Poetry              

Curatorial

Writing       


Robert Rauschenberg: A Retrospective
Curated by Walter Hopps and Susan Davidson
Guggenheim Museum, NY
1997-98




By the time one made it through this retrospective, split between the signature uptown building and the downtown Guggenheim SoHo (a venue from 1992-2001), and the separate gallery presentation of the constantly permutating The 1/4 Mile or 2 Furlong Piece (1981-97), it felt rather deliriously like having seen several retrospectives. The orphaning logic and destabilizing of medium convention so prevalent in the readymade eclecticism and print media looting of combines and combine paintings like Monogram (1955-59), Untitled (1954), Bed (1955), Odalisk (1955-58), and Canyon (1959), made the descent down through the Guggenheim architecture feel like some kind of cultural unburdening and overdue revelation. Departing into sustained asides, for instance Rauschenberg’s transfer masterpiece Drawings for Dante’s Inferno (1958-60), the exhibition also made room for excerpts from the oddly prescient if symptomatic quality of Rauschenberg Overseas Culture Interchange (ROCI) (1984-1991), a massive undertaking of photographs, paintings, sculptures, and videos created and exhibited in eleven countries, endemic to the transnational platforms that were emerging in the 1980s and 1990s. Walter Hopps, in close collaboration with Rauschenberg and Susan Davidson, kept an embrace of such “counter” formats and venues present throughout the overall exhibition strategy. Letting the alarm of a piece like Soundings (1968), find unexpected dialog and response with the relaxed poise of the then overlooked ‘Cardboards’ series from the early ’70s (both were shown downtown), is a further example, and one of many in the exhibition, of how a retrospective can use pivotal works rather than be bound or constrained by them, animating the right imbalance within the work itself. The retrospective exceeded and thereby evaded a falsely progressive narrative without falling into chaos or mere cacophony, letting Rauschenberg’s intersection of art, media, and technology provoke and echo into the next century. With a Rauschenberg retrospective again on the horizon at MoMA, it will be interesting to see how this restive precedent is considered and taken into account.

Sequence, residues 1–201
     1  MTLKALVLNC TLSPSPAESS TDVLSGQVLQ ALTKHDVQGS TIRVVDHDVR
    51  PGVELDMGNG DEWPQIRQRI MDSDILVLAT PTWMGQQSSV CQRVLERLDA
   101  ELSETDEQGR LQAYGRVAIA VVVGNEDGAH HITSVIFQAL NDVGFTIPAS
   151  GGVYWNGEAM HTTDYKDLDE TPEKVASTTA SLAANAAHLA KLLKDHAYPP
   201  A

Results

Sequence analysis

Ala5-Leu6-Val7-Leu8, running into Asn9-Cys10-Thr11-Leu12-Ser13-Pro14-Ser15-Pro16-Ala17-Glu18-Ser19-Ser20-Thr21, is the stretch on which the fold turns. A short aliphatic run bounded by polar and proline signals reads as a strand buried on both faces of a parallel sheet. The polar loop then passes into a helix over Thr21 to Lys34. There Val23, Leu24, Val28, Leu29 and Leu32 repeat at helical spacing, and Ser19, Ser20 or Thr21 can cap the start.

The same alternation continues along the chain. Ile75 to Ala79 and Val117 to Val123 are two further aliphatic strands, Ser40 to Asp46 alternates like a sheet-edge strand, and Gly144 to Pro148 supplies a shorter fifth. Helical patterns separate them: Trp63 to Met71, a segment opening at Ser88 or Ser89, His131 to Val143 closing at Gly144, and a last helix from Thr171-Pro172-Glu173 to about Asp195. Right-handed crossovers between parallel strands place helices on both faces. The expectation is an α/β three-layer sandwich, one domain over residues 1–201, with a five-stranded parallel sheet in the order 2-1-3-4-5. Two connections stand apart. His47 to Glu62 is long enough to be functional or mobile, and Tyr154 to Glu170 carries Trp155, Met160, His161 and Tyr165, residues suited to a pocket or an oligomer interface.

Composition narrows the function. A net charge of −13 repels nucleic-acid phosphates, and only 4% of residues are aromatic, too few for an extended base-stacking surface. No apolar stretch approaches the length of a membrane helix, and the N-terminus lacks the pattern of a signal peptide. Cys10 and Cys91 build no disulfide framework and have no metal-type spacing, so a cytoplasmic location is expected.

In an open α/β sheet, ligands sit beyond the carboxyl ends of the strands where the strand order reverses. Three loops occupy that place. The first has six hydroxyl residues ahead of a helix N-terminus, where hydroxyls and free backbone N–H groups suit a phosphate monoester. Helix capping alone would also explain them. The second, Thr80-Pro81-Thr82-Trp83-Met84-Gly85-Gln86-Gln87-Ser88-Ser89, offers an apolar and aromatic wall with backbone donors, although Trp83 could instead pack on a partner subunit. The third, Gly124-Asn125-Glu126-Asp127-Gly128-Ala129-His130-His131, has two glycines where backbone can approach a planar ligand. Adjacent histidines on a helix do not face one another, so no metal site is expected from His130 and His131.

––Fionn Meade

Published in The Exhibitionist, Issue 9 (March 2014)
Copryright Fionn Meade unless otherwise stated